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Big Stores Can Be Big Bullies, Or How To Commit Theft Prevention Malpractice

Posted by Andrew J. Barovick | Jan 23, 2018 | 0 Comments

It's been a while since I was in the trenches doing criminal law on a daily, high-volume basis. But my inner justice-seeker became reanimated this week when a young (under 20 years of age) medical malpractice client reached out to me about his arrest for shoplifting at Macy's. That it was a dumb thing to do goes without saying. But the reaction by Macy's was not only out of proportion to the crime–it was unethical, in that the store tried to take advantage of the fear and lack of sophistication of a New York City teenager.

My client–I'll call him James–tried to walk out of Macy's with a sweater valued at approximately $300.00, but was caught by store security officers before he ever left the premises. The sweater, in pristine condition, went from the bag in my client's hands into the possession of Macy's security officers. The NYPD issued him a Desk Appearance Ticket (DAT) for the misdemeanor charges of petit larceny and criminal possession of stolen property in the 5th degree, which he will have to answer in criminal court.

But Macy's followed up by sending James a letter from its Civil Recovery Department, claiming that Macy's was entitled to collect $500.00 in civil damages, and threatening to “ask a law firm to follow up on [its] behalf” if he did not make payment in full. They justified it by citing to NY GOL 11-105, which they loosely quoted to warn that “a person who commits larceny against the property of a mercantile establishment shall be civilly liable…for the retail price of damaged or unrecovered merchandise, up to $1500, plus a penalty of 5 times the retail price of the merchandise or $75, whichever is greater, but not to exceed $500.” Relying on the law, Macy's told James, “we make demand for the payment of $500.00 from you as settlement of the civil claim in connection with this incident.”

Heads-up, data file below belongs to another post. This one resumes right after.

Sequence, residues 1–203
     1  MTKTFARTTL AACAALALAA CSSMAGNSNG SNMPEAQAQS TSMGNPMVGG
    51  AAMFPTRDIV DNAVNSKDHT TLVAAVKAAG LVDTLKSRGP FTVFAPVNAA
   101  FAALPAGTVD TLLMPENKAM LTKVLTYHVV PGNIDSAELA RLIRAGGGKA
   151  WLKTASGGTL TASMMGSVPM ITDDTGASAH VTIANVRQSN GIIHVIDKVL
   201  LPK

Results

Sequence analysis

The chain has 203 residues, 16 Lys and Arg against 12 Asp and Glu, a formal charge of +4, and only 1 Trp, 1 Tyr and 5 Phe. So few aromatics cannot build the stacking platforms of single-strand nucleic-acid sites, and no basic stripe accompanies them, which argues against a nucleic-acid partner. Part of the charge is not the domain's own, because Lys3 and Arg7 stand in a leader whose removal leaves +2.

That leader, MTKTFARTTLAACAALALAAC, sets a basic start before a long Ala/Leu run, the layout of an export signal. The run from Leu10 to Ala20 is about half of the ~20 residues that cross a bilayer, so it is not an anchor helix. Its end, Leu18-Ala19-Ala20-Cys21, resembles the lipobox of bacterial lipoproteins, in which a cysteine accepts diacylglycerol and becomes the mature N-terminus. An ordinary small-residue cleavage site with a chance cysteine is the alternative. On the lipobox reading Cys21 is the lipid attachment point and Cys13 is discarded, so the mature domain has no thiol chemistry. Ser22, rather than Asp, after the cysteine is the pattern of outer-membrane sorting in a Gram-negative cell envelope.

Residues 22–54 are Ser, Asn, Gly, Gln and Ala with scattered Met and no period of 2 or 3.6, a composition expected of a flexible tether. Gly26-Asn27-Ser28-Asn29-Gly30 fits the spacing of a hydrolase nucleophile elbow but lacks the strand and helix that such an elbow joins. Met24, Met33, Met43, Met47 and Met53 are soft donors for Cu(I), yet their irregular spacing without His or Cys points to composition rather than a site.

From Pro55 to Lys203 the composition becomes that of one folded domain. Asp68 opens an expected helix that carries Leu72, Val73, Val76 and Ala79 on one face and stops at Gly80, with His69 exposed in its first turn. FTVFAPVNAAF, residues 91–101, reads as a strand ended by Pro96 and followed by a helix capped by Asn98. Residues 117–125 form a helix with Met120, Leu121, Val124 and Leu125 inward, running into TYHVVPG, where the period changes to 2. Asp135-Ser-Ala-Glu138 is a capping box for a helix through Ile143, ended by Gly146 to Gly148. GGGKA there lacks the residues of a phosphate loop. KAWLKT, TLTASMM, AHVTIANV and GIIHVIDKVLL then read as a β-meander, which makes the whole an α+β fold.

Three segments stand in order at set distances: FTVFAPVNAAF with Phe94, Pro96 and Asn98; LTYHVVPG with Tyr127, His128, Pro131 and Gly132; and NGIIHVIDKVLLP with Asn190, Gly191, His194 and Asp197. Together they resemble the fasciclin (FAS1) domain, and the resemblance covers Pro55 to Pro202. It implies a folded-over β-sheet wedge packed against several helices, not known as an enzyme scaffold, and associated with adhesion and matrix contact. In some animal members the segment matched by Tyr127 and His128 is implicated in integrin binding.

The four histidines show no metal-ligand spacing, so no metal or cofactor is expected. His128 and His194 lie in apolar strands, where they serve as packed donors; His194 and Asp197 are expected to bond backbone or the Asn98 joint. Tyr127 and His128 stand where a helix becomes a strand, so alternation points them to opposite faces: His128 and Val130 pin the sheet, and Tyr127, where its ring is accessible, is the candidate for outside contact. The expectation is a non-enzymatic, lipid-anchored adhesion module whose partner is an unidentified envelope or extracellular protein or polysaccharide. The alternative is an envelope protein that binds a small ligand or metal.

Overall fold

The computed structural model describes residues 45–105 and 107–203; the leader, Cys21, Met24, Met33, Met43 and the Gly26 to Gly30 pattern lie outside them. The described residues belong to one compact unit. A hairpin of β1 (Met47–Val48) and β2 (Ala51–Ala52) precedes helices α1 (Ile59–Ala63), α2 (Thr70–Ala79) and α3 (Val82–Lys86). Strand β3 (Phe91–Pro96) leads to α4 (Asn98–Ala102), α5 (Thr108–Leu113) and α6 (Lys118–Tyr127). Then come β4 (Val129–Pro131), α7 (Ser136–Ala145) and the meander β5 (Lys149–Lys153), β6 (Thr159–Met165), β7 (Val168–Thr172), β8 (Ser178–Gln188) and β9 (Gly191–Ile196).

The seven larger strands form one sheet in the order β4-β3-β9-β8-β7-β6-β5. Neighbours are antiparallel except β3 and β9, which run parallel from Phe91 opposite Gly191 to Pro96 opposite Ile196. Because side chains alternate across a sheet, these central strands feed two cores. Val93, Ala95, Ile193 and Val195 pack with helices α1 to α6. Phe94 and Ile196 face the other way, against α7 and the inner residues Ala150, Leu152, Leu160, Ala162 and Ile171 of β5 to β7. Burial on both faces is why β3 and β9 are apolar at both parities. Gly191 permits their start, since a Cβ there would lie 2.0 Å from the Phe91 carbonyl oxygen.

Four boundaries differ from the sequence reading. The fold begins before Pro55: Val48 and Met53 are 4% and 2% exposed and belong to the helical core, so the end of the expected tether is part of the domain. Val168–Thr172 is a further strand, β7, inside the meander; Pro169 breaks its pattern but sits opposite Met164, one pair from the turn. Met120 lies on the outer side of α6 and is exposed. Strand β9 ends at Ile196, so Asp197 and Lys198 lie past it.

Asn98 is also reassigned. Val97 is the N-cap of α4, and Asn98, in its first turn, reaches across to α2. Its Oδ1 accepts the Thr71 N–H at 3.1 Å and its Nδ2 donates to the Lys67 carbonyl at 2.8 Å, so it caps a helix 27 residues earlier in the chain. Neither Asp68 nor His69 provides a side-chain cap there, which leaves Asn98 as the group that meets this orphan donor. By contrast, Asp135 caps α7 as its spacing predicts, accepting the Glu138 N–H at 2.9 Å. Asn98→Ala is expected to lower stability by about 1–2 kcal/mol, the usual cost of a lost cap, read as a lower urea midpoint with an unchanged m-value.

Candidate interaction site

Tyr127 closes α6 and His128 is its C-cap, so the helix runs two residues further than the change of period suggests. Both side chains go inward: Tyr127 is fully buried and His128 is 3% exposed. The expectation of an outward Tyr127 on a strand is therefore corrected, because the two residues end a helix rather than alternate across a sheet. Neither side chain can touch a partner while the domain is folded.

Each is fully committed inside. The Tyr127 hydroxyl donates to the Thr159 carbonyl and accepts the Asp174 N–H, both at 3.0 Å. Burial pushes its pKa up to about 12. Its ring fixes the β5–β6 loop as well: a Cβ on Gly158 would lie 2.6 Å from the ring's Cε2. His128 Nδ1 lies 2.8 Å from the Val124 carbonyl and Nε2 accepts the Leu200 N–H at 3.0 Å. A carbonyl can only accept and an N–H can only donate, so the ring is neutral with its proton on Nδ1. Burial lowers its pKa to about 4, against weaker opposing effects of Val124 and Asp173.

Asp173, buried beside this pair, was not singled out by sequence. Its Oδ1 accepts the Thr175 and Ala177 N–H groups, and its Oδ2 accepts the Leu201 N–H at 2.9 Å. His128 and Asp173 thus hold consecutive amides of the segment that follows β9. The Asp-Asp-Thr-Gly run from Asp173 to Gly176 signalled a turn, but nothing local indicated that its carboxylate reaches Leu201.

There was just one problem here. The sweater was not “damaged or unrecovered.” Therefore, the Macy's Civil Recovery Department had no basis to go after James for civil damages. And it had no basis to threaten him with legal action if he didn't pay up. Yet, when James contacted Macy's Security upon receiving the letter to try to determine how seriously to take it, he was advised to pay the money. In fact, the woman at Macy's went so far as to tell James that the judge in criminal court would probably look more favorably on him when deciding his fate if he paid before his court date.

Luckily for my client, and his father, who was about to send a check that he could ill afford to a company that did not deserve it, I was able to explain that Macy's was trying to pull a scam on them, and that they should not fall for it. But Macy's would have been successful in conning money from my client's family had James not mentioned the arrest to me. And you can be sure that they have conned lots of cash out of lots of unsuspecting New Yorkers already. Macy's, this is not a good look for you. Lay off the kids, and clean up your act.

About the Author

Andrew J. Barovick

Mr. Barovick is a graduate of Columbia College and Cardozo School of Law. He began his legal career at the Queens District Attorney’s Office, where he tried over 20 felonies to verdict, and argued an equal number of appeals before the Appellate Division, Second Department, the New York Court of Appeals and the United States Court of Appeals for the Second Circuit.


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